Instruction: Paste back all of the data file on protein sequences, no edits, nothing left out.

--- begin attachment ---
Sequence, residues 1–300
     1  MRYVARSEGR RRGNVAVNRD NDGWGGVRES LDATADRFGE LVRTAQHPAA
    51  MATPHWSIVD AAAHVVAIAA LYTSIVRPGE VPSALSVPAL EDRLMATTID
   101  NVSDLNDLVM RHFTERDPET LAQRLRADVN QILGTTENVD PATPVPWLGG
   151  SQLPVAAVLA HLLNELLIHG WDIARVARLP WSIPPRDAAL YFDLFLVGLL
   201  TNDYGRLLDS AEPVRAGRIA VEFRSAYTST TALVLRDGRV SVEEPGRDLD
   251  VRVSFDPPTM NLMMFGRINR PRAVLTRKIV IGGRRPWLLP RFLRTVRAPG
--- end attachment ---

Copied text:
Sequence, residues 1–300
     1  MRYVARSEGR RRGNVAVNRD NDGWGGVRES LDATADRFGE LVRTAQHPAA
    51  MATPHWSIVD AAAHVVAIAA LYTSIVRPGE VPSALSVPAL EDRLMATTID
   101  NVSDLNDLVM RHFTERDPET LAQRLRADVN QILGTTENVD PATPVPWLGG
   151  SQLPVAAVLA HLLNELLIHG WDIARVARLP WSIPPRDAAL YFDLFLVGLL
   201  TNDYGRLLDS AEPVRAGRIA VEFRSAYTST TALVLRDGRV SVEEPGRDLD
   251  VRVSFDPPTM NLMMFGRINR PRAVLTRKIV IGGRRPWLLP RFLRTVRAPG